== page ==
Guidance - Food Technology On The Web - Main Introduction page for the Food section of Design & Technology On The Web
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7th  February  2007
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How much more fundamental can we get than the study of food!
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Food is something with which everyone can relate – unless you’re an android you probably eat quite a lot during a week –    We all know what we think is a good product but analysing what makes it good is a little more difficult and certainly where some research and study comes in.  GCSE Food technology is about understanding food, understanding the constituents of products and understanding the process of analysis associated with the marketing and designing of good food products. ‘Catering’ is an embodiment of all of this.
       
But let’s think back to the time when we didn’t have processed foods – before in fact we even started mixing things together and making ‘new’ foods that we thought were useful…. We were into eating meat, fish, fruits and organic stuff such as roots and leaves.  We were ‘hunter gatherers’ and that’s how we stayed for quite a few thousand years.  As climate changed and ice sheets came and went we were moved to new areas that would support us.  And as one area became overpopulated and unable to support the communities living within it so groups would extend their interest to new areas.  If you check out how modern humans arrived in the different continents you would notice it was by way of the easiest routes – the open grasslands – the areas that weren’t too mountainous – areas that supported animal life that we could hunt – Or of course we moved along the coasts using the food supply from the fish in the oceans.  
           
Archaeologists notice the time at which the hunter-gatherers were replaced – or at least affected by those that developed tools to use  - and techniques to manipulate the world around them.  Archaeologists also notice that early farmers had teeth that were ground down by the constant abrasion of roughly ground seeds – the seeds from early grasses – oats, barley and wheat.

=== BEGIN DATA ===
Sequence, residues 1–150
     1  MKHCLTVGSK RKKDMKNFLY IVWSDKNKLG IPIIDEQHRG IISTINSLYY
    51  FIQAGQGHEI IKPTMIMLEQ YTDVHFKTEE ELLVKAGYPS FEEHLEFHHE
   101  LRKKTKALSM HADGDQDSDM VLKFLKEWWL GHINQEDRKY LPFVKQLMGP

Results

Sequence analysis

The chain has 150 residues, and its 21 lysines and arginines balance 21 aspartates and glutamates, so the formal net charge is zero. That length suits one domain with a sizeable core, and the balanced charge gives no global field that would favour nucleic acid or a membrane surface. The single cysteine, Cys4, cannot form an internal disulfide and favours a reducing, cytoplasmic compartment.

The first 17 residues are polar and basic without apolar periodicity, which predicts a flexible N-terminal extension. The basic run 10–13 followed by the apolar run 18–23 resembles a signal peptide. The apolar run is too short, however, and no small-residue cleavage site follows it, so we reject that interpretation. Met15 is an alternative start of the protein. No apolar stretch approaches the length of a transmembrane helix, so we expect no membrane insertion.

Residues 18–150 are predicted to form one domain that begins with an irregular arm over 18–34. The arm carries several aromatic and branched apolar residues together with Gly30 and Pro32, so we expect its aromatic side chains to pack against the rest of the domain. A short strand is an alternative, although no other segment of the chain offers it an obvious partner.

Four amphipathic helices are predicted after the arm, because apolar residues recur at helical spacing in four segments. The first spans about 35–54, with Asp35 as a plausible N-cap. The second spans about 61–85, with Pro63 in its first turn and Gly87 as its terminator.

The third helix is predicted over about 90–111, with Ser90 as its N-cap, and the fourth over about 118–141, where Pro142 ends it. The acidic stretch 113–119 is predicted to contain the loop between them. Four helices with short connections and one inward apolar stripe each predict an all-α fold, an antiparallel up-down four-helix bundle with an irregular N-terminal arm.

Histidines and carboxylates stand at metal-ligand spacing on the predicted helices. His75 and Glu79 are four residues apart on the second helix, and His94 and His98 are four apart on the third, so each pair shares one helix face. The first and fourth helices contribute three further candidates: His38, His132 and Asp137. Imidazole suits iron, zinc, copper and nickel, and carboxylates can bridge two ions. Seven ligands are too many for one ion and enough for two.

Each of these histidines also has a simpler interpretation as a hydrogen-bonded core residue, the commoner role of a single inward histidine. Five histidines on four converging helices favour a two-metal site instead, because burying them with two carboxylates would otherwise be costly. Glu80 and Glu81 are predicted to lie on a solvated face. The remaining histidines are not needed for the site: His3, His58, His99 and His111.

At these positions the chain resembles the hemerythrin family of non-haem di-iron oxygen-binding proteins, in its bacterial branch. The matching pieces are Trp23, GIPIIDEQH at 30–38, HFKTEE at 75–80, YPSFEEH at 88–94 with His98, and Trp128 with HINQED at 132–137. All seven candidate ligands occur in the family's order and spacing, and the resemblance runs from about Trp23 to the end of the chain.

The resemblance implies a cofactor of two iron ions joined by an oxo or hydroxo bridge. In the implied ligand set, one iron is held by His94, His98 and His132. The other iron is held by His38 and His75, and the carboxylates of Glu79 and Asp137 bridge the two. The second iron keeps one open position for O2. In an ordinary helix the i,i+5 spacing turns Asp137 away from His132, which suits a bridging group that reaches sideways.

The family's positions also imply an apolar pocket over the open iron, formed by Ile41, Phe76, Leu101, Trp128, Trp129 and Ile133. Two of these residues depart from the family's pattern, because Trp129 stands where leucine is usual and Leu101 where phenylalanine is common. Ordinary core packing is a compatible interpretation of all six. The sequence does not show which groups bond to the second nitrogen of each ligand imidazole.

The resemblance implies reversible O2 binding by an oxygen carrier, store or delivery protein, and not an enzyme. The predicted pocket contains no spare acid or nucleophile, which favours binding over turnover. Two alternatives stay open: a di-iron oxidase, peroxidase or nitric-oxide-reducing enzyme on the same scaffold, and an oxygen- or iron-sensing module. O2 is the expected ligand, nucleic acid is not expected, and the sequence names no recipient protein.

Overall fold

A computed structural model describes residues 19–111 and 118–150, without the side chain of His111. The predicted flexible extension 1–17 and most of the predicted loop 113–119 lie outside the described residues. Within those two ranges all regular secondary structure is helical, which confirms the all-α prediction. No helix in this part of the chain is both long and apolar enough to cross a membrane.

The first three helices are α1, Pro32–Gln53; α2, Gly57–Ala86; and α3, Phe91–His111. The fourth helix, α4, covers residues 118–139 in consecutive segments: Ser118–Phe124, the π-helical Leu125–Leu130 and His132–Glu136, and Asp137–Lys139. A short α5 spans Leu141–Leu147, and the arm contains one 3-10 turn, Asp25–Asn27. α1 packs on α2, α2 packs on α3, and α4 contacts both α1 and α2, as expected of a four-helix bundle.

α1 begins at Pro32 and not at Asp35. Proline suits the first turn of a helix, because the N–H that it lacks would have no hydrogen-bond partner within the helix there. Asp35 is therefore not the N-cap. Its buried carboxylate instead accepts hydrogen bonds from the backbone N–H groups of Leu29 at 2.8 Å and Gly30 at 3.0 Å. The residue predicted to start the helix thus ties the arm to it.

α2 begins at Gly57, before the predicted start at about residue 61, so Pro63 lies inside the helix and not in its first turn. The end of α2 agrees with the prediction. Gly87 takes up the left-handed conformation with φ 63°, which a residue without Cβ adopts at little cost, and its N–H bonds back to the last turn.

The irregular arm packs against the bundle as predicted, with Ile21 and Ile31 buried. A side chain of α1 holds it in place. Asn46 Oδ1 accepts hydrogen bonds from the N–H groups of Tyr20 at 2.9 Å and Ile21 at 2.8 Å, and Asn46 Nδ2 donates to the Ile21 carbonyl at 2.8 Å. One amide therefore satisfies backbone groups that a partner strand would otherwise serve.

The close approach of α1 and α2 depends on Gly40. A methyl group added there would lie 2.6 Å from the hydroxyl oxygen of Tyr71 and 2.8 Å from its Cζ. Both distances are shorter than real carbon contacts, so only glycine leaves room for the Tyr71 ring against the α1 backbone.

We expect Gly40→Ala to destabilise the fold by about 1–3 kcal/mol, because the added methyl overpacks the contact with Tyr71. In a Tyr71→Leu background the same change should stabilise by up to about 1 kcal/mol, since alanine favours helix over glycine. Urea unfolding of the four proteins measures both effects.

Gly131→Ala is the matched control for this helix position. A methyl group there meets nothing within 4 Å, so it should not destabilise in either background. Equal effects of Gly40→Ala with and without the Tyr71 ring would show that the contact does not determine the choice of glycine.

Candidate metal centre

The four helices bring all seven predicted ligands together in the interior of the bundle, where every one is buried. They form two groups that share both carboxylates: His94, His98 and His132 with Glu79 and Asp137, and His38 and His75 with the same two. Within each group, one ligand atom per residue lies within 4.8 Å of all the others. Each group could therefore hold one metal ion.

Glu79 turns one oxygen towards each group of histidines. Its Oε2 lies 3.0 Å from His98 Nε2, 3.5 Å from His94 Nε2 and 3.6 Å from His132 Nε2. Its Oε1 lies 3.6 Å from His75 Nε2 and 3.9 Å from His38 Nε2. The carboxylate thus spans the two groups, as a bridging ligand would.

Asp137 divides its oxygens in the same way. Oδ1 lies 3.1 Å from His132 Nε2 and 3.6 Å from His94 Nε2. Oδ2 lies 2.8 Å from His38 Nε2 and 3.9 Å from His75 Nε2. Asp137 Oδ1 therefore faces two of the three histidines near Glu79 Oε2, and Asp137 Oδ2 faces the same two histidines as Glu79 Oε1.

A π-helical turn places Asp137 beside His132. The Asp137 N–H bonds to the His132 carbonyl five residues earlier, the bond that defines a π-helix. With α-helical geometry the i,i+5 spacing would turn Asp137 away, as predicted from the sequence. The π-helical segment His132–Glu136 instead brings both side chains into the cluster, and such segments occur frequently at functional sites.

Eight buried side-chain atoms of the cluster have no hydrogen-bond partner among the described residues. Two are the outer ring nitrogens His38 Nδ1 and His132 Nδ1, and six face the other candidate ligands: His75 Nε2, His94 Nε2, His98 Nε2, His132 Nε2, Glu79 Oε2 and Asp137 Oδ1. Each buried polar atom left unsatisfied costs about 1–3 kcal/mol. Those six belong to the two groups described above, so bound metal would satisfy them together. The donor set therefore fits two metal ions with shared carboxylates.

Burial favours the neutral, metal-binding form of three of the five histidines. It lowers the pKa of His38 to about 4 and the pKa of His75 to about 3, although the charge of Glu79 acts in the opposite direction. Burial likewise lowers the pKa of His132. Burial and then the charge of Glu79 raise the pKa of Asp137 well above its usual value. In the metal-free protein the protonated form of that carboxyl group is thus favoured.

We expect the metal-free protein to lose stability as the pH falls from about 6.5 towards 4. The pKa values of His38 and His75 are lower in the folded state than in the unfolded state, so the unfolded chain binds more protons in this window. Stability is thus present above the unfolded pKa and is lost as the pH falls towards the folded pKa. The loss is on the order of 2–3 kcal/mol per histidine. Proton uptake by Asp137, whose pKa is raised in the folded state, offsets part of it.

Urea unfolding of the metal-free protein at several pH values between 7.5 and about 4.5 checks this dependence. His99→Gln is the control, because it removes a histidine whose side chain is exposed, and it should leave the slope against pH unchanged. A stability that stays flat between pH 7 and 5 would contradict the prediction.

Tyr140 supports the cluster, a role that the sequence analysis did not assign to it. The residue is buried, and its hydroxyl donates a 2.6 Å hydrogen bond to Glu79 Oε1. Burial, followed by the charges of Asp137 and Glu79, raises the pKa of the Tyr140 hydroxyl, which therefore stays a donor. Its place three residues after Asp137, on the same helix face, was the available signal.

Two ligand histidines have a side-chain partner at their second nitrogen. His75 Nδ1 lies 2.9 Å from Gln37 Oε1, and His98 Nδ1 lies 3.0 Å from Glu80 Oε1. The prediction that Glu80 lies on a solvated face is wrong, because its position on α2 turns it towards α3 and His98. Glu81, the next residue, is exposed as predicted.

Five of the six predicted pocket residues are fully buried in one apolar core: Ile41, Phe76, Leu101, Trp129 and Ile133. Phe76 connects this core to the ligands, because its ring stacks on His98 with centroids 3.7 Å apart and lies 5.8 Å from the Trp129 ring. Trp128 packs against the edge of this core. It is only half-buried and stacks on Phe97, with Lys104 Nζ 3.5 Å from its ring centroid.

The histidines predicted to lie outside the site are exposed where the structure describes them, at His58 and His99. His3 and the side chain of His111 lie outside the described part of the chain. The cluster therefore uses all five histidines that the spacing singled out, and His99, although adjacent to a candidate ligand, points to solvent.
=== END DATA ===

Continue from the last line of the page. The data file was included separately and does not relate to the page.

The wheat strains that are farmed today are very different from those early varieties.  Farmers thousands of years ago applied their minds to selecting the best varieties  and crossing them with other strains to improve the amount and quality of the grain harvest.  Yield improved and in-bred resistance to insects and pests effectively allowed more people to survive in a smaller area of land – and this trend has continued.  If you check the number of farmers that were needed to support the population of a country the size of the UK in the early years of the 1900’s you would find that there were far more people tending the land.  
            
Checking around the world  - different countries have based their diets on crops better suited to their climates and their needs.  Maize is a staple food of a large area of the American continent whilst Rice is found more frequently across Asia and the eastern countries.  Compare this situation with today.  
We transport food from far across the world because it may grow better elsewhere or because we have all become used to having a large variety of foods available at all times of the year.  It wasn’t that long ago that fruits such as Peaches, raspberries and other similar fruits were only around in the summer and Autumn in the UK.... And it wasn’t too far before that when fruits such as bananas were unavailable at all.
         
With the rising costs of transport and the use of fossil fuels contributing to accelerations in global climate changes - according to many scientists  - we may need to address the levels of consumer expectations to more realistic levels.
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